Expectations that house prices have further to rise remain high in ASB's quarterly survey of housing market sentiment.
A net 48 per cent of respondents expect house prices to increase over the next 12 months, virtually unchanged from a net 47 per cent in the previous survey.
While it is down from a peak of a net 63 per cent expecting rises a year ago, it remains among the snowy mountain tops of this indicator's historical track.
In Auckland house price inflation expectations firmed, to a net 52 per cent from a net 48 per cent, though off its peak of a net 66 per cent expecting gains a year ago.
Some softening of the conviction that further rises lie ahead compared with last year was understandable, said ASB chief economist Nick Tuffley.
"Prices have been going up strongly and this rate of appreciation can't carry on forever," he said.
"And interest rates are rising, so respondents are right to expect the market will cool somewhat."
The Real Estate Institute reported yesterday its stratified housing price index, which adjusts for variations in the mix of properties sold between one period and another, was 8.5 per cent higher last month than for April 2013. That represents a slowdown in the house price inflation from 9.2 per cent in March but still above the annual rates seen in January and February.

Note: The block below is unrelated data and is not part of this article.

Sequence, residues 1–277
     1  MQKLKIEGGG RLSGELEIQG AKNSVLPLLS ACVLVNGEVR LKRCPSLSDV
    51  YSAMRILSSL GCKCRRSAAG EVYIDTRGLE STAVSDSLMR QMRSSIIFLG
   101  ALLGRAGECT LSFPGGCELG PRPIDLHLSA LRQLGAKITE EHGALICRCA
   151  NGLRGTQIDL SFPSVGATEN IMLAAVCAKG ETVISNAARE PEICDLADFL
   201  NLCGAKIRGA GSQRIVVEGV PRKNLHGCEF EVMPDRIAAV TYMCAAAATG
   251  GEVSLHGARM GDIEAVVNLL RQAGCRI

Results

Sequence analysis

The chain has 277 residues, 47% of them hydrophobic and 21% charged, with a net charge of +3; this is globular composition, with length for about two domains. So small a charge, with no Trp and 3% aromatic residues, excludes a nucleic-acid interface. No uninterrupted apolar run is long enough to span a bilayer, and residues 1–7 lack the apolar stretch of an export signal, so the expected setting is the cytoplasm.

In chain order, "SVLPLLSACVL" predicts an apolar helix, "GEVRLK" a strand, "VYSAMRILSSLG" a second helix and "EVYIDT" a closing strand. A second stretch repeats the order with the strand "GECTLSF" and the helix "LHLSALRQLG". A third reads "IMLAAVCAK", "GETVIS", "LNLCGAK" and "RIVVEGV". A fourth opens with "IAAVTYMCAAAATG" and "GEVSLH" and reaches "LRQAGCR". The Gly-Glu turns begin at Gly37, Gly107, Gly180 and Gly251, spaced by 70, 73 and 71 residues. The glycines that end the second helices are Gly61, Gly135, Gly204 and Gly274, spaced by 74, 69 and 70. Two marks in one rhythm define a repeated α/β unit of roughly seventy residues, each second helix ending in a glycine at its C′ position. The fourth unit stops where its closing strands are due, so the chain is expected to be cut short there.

Tuffley said that index suggested annual house price inflation peaked at just over 10 per cent in the December quarter last year.
"But ongoing tightness in the market means upward pressure on prices is likely to continue in some areas."
Looking at the three-month moving average, annual house price inflation in Auckland remained very stable at 14 to 15 per cent, he said.
A number of factors were weighing on sentiment.
"The market is tight, prices are high, and interest rates are rising. The Reserve Bank's high loan-to-value lending restrictions are also having an impact, with activity dipping since they were introduced last October. On balance, respondents still view now as a bad time to buy a house."
A net 4 per cent of the respondents to ASB's survey consider it a bad time to buy, but that is an improvement from the net 9 per cent pessimistic in the previous survey - despite mounting expectations that interest rates will increase.
A net 70 per cent expect rates to rise, up from a net 55 per cent in the previous survey.
The dispiriting effect of the expectation of higher rates was being outweighed by some easing in the market as turnover fell while the number of listings had started to creep up.
"That whole issue of the difficulty finding the house you want is easing. Price momentum is slowing a little bit. You are still having to pounce fairly quickly and have a pretty sharp offer, but some of that tension is easing a little bit and that seems to be dominating the increasing expectations that interest rates are going to go up," Tuffley said.
Although rates were rising "you have still got fairly sharp population growth and the supply side having to do a lot of work in terms of building".
*A net 48% expect house prices to increase over the next 12 months.
*A net 70% expect rates to rise, up from a net 55% in the previous survey.
*A net 4% of the respondents to ASB's survey consider it a bad time to buy.